18  Other markdown files

Second edition

You are reading the work-in-progress second edition of R Packages. This chapter is currently a dumping ground for ideas, and we don’t recommend reading it.

18.1 Introduction

You now have a package that’s ready to submit to CRAN. But before you do, there are two important files that you should update: README.md which describes what the package does, and NEWS.md which describes what’s changed since the previous version. I recommend using Markdown for these files, because it’s useful for them to be readable as both plain text (e.g. in emails) and HTML (e.g. on GitHub, in blog posts). The basic writing and formatting syntax is available at https://help.github.com/articles/basic-writing-and-formatting-syntax/.


18.2.1 README.md

The goal of the README.md is to answer the following questions about your package:

  • Why should I use it?
  • How do I use it?
  • How do I get it?

On GitHub, the README.md will be rendered as HTML and displayed on the repository home page.

I normally structure my README as follows:

  1. A paragraph that describes the high-level purpose of the package.

  2. An example that shows how to use the package to solve a simple problem.

  3. Installation instructions, giving code that can be copied and pasted into R.

  4. An overview that describes the main components of the package. For more complex packages, this will point to vignettes for more details.

18.2.2 README.Rmd

If you include an example in your README (a good idea!) you may want to generate it with R Markdown. The easiest way to get started is to use usethis::use_readme_rmd(). This creates a template README.Rmd and adds it to .Rbuildignore. The template looks like:

output: github_document

<!-- README.md is generated from README.Rmd. Please edit that file -->

``` {r, include = FALSE}
  collapse = TRUE,
  comment = "#>",
  fig.path = "man/figures/README-",
  out.width = "100%"


  • Outputs Github flavoured Markdown.

  • Includes a comment in README.md to remind you to edit README.Rmd, not README.md.

  • Sets up my recommended knitr options, including saving images to man/figures/README- which ensures that they’re included in your built package (which is important so that your README works when it’s displayed by CRAN).

You’ll need to remember to re-knit README.Rmd each time you modify it. If you use git, use_readme_rmd() automatically adds the following “pre-commit” hook:

if [[ README.Rmd -nt README.md ]]; then
  echo "README.md is out of date; please re-knit README.Rmd"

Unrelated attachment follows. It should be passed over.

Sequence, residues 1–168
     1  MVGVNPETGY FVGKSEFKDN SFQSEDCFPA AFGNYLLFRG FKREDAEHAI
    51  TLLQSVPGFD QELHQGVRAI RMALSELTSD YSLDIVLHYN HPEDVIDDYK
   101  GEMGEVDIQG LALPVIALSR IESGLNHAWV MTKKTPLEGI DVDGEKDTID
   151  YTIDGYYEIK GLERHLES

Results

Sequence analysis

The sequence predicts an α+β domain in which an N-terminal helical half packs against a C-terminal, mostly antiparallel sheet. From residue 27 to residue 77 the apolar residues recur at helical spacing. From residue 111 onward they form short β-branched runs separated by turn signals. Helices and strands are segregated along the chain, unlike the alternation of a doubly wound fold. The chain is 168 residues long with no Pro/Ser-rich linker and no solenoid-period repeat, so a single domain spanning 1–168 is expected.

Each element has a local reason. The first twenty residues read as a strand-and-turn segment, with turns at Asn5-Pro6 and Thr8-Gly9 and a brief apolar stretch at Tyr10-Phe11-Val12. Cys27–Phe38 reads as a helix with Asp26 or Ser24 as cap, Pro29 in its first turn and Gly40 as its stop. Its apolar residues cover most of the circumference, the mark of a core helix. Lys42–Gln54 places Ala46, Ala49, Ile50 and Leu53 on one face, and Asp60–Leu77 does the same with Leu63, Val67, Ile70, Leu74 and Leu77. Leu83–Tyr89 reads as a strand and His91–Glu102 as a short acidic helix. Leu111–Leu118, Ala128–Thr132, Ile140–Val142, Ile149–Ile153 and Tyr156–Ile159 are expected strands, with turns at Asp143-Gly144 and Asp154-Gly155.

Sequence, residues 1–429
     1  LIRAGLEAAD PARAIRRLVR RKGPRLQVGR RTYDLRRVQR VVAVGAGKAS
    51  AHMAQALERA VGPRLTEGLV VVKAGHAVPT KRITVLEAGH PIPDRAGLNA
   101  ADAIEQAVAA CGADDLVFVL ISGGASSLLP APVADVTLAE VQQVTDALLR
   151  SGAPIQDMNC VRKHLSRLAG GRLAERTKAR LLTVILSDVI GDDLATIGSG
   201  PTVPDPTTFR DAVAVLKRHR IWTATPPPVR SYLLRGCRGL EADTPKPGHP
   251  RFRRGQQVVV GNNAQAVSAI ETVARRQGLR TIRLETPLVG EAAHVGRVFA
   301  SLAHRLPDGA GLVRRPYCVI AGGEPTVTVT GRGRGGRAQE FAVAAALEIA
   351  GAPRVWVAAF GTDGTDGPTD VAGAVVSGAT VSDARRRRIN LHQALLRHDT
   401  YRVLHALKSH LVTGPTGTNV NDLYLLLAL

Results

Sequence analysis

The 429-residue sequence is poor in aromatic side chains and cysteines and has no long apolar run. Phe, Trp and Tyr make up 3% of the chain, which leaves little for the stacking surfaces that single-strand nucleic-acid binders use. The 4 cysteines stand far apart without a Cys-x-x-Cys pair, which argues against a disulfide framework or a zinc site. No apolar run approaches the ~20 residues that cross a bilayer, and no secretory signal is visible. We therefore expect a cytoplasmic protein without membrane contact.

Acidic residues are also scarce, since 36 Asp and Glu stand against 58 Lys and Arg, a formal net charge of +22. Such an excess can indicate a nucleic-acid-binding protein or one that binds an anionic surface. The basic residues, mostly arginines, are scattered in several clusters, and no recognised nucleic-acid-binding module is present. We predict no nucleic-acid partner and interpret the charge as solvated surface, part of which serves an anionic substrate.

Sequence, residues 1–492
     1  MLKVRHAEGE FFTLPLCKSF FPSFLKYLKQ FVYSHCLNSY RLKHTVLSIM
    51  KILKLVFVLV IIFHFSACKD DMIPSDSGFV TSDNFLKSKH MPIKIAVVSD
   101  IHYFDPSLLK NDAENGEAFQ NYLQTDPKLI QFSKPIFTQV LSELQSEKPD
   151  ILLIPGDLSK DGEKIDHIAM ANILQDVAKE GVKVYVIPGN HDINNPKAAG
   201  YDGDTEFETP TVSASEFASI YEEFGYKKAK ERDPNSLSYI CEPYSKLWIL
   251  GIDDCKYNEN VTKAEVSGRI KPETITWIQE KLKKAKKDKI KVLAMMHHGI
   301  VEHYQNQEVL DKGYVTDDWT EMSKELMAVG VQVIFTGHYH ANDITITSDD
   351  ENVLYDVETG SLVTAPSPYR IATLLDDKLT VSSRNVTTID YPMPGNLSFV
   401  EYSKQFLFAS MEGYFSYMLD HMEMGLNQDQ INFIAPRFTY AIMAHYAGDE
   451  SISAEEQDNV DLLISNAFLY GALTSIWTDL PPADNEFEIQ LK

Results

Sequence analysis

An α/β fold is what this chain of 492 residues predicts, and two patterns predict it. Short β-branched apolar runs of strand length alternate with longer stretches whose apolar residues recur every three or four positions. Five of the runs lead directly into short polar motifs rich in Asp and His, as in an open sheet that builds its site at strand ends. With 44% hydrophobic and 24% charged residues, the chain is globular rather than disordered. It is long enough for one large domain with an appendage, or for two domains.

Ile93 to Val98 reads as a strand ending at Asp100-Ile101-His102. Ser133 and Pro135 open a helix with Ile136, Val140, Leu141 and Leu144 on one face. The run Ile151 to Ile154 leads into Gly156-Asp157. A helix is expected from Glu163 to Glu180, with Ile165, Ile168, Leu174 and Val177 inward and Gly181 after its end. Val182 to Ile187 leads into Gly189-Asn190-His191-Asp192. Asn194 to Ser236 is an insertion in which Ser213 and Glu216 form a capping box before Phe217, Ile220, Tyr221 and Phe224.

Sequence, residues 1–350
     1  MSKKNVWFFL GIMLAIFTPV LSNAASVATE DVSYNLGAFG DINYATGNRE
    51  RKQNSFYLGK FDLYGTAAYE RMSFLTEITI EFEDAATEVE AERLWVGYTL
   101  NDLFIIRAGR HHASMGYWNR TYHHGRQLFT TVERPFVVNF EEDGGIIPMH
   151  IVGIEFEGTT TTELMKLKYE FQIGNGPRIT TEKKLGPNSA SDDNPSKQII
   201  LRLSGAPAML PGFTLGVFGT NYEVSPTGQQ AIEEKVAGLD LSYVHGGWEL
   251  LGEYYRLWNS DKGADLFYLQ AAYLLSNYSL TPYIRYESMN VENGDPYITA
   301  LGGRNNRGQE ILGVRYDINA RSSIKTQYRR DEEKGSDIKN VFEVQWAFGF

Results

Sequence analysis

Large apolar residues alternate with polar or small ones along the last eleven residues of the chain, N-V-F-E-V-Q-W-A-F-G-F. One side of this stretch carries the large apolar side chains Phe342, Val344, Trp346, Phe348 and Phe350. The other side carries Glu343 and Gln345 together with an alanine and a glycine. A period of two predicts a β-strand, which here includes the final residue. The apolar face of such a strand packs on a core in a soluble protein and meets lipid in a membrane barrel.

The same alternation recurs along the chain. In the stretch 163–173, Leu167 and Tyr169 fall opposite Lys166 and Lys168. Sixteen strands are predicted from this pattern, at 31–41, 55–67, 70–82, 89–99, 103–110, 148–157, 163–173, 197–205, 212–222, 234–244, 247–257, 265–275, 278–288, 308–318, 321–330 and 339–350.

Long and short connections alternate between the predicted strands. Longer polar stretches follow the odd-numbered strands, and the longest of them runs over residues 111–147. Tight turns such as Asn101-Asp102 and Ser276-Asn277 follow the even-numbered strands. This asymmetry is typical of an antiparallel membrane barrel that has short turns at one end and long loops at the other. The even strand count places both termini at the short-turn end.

exit 1

This prevents git commit from succeeding unless README.md is more recent than README.Rmd. If you get a false positive, you can ignore the check with git commit --no-verify. Note that git commit hooks are not stored in the repository, so every time you clone the repo, you’ll need to run usethis::use_readme_rmd() to set it up again.

18.2.3 Development badges

A number of usethis helpers automatically add development status badges to your readme so that readers can see:

  • The current version of your package on CRAN, usethis::use_cran_badge().
  • The amount of code coverage, added by use_coverage().
  • The R CMD check status of your development package, added by use_github_action_check_standard() and friends.

18.3 NEWS.md

The README.md is aimed at new users. The NEWS.md is aimed at existing users: it should list all the API changes in each release. There are a number of formats you can use for package news, but I recommend NEWS.md. It’s well supported by GitHub, permitted by CRAN, and is easy to re-purpose for other formats.

Organise your NEWS.md as follows:

  • Use a top-level heading for each version: e.g. # mypackage 1.0. The most recent version should go at the top. (pkgdown supports a few other formats, see more at https://pkgdown.r-lib.org/reference/build_news.html)

  • Each change should be included in a bulleted list. If you have a lot of changes you might want to break them up using subheadings, ## Major changes, ## Bug fixes etc. I usually stick with a simple list until just before releasing the package when I’ll reorganise into sections, if needed. It’s hard to know in advance exactly what sections you’ll need.

  • If an item is related to an issue in GitHub, include the issue number in parentheses, e.g. (#​10). If an item is related to a pull request, include the pull request number and the author, e.g. (#​101, @hadley). Doing this makes it easy to navigate to the relevant issues on GitHub.

The main challenge with NEWS.md is getting into the habit of noting a change as you make a change.

18.4 Other GitHub files

You’ll also find a number of other files in the .github directory. These are mostly useful for GitHub but are also supported by pkgdown:

  • LICENSE.md: complete text of the license of your package. Discussed in …
  • cran-comments.md: sent to CRAN when you submit a package. Discussed in …
  • SUPPORT.md: